More than 300 deficiencies in military housing at two bases in the Washington, D.C., area, including some that are potentially dangerous, were found during inspections earlier this year, according to a report by the Defense Department Inspector General's Office.
Most of the problems were in electrical systems and fire protection systems of family and unaccompanied housing that IG teams inspected at Fort Belvoir, Virginia, and Joint Base Anacostia-Bolling, Washington, D.C. Because installation officials didn't ensure that the systems were properly installed, periodically inspected and maintained according to housing codes and standards, inspectors found, there are multiple deficiencies "that pose a risk of injury or death."
The report, released Thursday, also cited some instances of lead-based paint in older family housing.
The DoD Inspector General's Office conducted inspections of military family housing and unaccompanied personnel housing at Fort Belvoir and Joint Base Anacostia-Bolling earlier this year. Of the 316 deficiencies they found that could affect the health, safety and well-being of service members and their families, 132 were at Fort Belvoir and 184 were at the joint base.
Inspectors recommended that officials at these installations create and execute plans for inspections and maintenance of housing units to ensure they are in compliance with electrical, fire protection and environmental health and safety codes and standards. They also recommended that installation officials analyze the cause of the deficiencies, and come up with a plan to correct them.
Unaccompanied housing at these installations is owned and operated by the government; family housing is privately owned and operated. Inspectors found that family housing units at all the areas inspected were in better overall condition and better maintained than the government-owned unaccompanied personnel housing. Recently renovated or newly constructed houses were more compliant with building codes and standards. The unaccompanied housing was built or renovated, on average, 33 years ago, while the family housing was built or renovated, on average, 10 years ago.
At Fort Belvoir, inspectors examined 16 barracks units in five buildings and 25 family housing units in January. At Anacostia, teams inspected 17 family housing units in eight housing communities and 33 unaccompanied housing units in four buildings.
The majority of the deficiencies were caused by improper installation, insufficient inspection or inadequate maintenance, the report stated. Most of those deficiencies related to housing electrical systems (168) and fire protection systems (131).
Electrical problems included ungrounded light switches and electrical receptacles, missing electrical box panel covers, unrated ceiling fan boxes, blocked electrical panel access and improperly installed electrical panels.
Among the issues with fire protection systems were fire extinguishers that were not periodically inspected or maintained, and issues related to fast exits from buildings. At Fort Belvoir's McRee Barracks, fire extinguishers were locked in unbreakable and thus, inaccessible, cabinets. In some family housing, there were no smoke alarms outside bedrooms.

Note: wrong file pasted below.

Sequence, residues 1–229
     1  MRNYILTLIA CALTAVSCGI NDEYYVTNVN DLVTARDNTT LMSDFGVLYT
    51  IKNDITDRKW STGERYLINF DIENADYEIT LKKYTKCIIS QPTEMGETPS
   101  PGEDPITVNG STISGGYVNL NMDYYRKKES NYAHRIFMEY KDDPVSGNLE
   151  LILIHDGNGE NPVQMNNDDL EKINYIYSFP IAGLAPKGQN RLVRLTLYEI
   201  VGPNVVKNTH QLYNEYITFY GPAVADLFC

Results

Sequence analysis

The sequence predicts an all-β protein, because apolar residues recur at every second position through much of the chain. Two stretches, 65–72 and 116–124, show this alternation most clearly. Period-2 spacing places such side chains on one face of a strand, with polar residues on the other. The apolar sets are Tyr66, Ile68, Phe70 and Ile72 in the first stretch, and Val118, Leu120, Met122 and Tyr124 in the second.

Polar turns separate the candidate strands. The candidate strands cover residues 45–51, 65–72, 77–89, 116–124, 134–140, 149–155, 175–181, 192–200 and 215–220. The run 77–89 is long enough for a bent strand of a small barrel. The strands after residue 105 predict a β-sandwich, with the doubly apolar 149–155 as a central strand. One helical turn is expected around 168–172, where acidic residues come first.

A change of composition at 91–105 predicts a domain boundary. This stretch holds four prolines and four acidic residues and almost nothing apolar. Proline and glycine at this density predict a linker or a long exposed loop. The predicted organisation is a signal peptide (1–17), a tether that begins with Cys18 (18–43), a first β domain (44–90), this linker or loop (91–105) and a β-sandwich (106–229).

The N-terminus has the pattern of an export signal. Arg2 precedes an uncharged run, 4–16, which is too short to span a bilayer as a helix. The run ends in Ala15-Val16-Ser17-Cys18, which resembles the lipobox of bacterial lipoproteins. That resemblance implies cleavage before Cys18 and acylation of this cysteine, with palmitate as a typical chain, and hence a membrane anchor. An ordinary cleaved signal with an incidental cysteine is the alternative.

Inspectors found nine problems related to environmental health and safety at Fort Belvoir and eight at Anacostia.
Four of the five environmental deficiencies in barracks at Fort Belvoir were related to the heating, ventilating and air conditioning systems not being maintained. Inspectors said the base didn't adequately maintain exhaust ventilation systems. The remaining environmental problems, found in older family housing, were related to deteriorating lead-based paint in the older Gerber and Belvoir village neighborhoods. Inspectors noted that the privatized housing operations and maintenance plan states that lead-based paint is present in housing built before 1978 in the Gerber, Belvoir, Jadwin and River villages. Inspectors found deteriorated lead-based paint on window components, exterior columns and interior door surfaces. Damaged lead-based paint increases the risk of exposure to lead compounds.
Fort Belvoir officials responded to the IG that the privatized partner follows an Army-approved plan for monitoring and repairing of lead-based paint. The DoD IG asked for more information on the lead-based paint abatement plan.
Six of the environmental health and safety issues at the joint base were related to HVAC issues in unaccompanied housing, and were expected to be corrected at the beginning of August through contracting actions, according to base officials' response. At Anacostia's Blanchard Hall, inspectors found evidence of insufficient ventilation and humidity control that affected HVAC and fire suppression system metal components. Mold growth was not seen during the inspection.
Of the remaining two issues, which are in family housing, one has been corrected and another will be addressed by an upcoming renovation for the home. One of those problems was damaged lead-based paint on the exterior of a home in the older family housing community of Westover Estates.
Inspectors found no problems with radon, water quality or pest management, according to the report.
The services agreed with some of the recommendations, and disagreed with others. For example, Fort Belvoir officials contended that refrigerators in the unaccompanied personnel housing are in accordance with the National Electrical Code and are installed and used in accordance with the manufacturer's instructions.
Fort Belvoir officials noted that Army policy states that garrison commanders can't authorize Army personnel to conduct health and welfare inspections of privatized housing.
And, they stated, "Lack of available resources and projected future reductions in resources do not adequately provide for or allow additional oversight of housing facilities."